Middle East

Netanyahu demands to confront witnesses in corruption cases against him

Israel's attorney general is weighing whether to formally indict Netanyahu for corruption (AFP/File photo)

Benjamin Netanyahu has said he wants to confront state witnesses who have testified against him, Israeli media reported, amid ongoing uncertainty as to whether the Israeli prime minister will be charged with corruption.

In a highly anticipated, yet largely underwhelming, televised address from his residence in Jerusalem, Netanyahu said on Monday that Israeli police twice denied his request to confront the witnesses "face-to-face", the Times of Israel reported.

"I am repeating my request tonight to confront the states witnesses. Im willing to do it on live television for the public to hear the full truth," he said in his statement, as reported by Israeli daily Haaretz.

READ MORE ►

Israeli press review: Attorney general threatened over Netanyahu graft probes

He also said police ignored witnesses who could have testified in his favour and that the head of the anti-trust authority, David Eilat, was not questioned, the Times of Israel reported.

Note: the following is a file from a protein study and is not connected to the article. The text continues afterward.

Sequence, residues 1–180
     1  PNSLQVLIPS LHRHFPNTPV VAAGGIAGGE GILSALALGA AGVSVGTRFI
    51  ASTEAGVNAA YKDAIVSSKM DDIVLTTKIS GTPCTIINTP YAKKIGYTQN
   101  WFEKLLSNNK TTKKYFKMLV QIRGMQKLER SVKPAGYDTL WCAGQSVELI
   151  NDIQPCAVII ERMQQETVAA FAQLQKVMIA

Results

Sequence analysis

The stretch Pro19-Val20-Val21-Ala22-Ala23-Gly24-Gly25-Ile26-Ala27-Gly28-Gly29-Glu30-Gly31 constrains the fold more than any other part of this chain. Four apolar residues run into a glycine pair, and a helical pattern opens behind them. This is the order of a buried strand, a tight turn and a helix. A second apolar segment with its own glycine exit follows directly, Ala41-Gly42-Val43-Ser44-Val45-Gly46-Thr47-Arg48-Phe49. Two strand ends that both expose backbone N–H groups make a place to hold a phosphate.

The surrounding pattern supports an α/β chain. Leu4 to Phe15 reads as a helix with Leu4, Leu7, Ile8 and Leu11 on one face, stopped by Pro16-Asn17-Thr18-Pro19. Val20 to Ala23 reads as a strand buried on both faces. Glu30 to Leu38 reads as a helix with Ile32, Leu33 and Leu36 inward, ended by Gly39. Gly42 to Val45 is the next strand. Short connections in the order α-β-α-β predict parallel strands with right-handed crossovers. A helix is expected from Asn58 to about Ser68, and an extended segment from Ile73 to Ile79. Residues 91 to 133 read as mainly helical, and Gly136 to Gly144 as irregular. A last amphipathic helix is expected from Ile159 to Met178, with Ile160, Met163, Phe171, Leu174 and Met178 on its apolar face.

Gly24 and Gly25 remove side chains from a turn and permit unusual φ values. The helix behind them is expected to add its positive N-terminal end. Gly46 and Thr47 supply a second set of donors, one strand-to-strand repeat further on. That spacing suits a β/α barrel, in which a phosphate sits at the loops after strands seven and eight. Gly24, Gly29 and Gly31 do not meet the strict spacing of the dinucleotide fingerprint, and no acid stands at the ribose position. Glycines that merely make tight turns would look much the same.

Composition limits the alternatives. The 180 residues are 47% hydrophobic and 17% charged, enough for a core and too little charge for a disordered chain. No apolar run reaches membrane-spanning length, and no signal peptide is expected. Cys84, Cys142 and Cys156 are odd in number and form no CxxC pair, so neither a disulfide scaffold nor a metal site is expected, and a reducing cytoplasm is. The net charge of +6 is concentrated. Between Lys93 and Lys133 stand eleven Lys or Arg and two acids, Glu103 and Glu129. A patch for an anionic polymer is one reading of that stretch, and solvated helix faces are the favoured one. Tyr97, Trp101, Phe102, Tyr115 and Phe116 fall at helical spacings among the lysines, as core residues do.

The Israeli premiers comments come as the country's attorney general weighs formally indicting him in relation to at least three separate probes.

Last month, Israeli state prosecutors recommended charging Netanyahu for corruption in two separate cases after a two-year investigation into allegations he used his influence to solicit favourable news coverage for himself and his wife, Sara.

Israeli police also said in early December that they had enough evidence to charge the couple "with accepting bribes, fraud and breach of trust" in a third, separate case.

Speculation ran high throughout the day on Monday as to what Netanyahus planned address would be about, after a spokesperson for his ruling Likud party said the premier intended to deliver a "dramatic statement".

Netanyahu said on Twitter earlier in the day that his address would be "special".

However, his statement was largely panned as "a dud" and "anticlimax" by some members of the Israeli media.

Netanyahus dramatic announcement: Upon closer inspection, the mighty mountain turned out to be a minuscule molehill

— Chemi Shalev (@ChemiShalev) January 7, 2019

Members of the press were barred from attending the premier's address, as well, Israeli media reported earlier in the day.

In December, Israeli media reported that members of Likud had theatened Israeli Attorney General Avichai Mandelblit against indicting Netanyahu for corruption.

Netanyahu himself also allegedly warned Mandelblit against indicting him before upcoming Israeli elections, which are set for 9 April.

Original Article

Related Posts